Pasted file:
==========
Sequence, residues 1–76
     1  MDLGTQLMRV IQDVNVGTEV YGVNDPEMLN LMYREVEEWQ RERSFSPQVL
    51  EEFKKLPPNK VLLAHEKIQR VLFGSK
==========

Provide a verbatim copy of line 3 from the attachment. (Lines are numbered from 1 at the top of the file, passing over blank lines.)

    51  EEFKKLPPNK VLLAHEKIQR VLFGSK